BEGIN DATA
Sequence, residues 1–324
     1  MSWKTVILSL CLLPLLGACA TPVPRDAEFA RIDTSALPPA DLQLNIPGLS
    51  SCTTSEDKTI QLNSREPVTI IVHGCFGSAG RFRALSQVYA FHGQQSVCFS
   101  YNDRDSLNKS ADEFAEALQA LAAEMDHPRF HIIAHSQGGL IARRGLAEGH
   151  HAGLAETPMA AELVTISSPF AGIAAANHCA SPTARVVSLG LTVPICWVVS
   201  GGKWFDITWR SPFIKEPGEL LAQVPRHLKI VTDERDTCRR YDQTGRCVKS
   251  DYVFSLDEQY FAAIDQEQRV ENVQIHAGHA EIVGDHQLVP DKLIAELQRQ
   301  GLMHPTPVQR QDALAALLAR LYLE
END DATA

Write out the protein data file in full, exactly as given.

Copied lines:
Sequence, residues 1–324
     1  MSWKTVILSL CLLPLLGACA TPVPRDAEFA RIDTSALPPA DLQLNIPGLS
    51  SCTTSEDKTI QLNSREPVTI IVHGCFGSAG RFRALSQVYA FHGQQSVCFS
   101  YNDRDSLNKS ADEFAEALQA LAAEMDHPRF HIIAHSQGGL IARRGLAEGH
   151  HAGLAETPMA AELVTISSPF AGIAAANHCA SPTARVVSLG LTVPICWVVS
   201  GGKWFDITWR SPFIKEPGEL LAQVPRHLKI VTDERDTCRR YDQTGRCVKS
   251  DYVFSLDEQY FAAIDQEQRV ENVQIHAGHA EIVGDHQLVP DKLIAELQRQ
   301  GLMHPTPVQR QDALAALLAR LYLE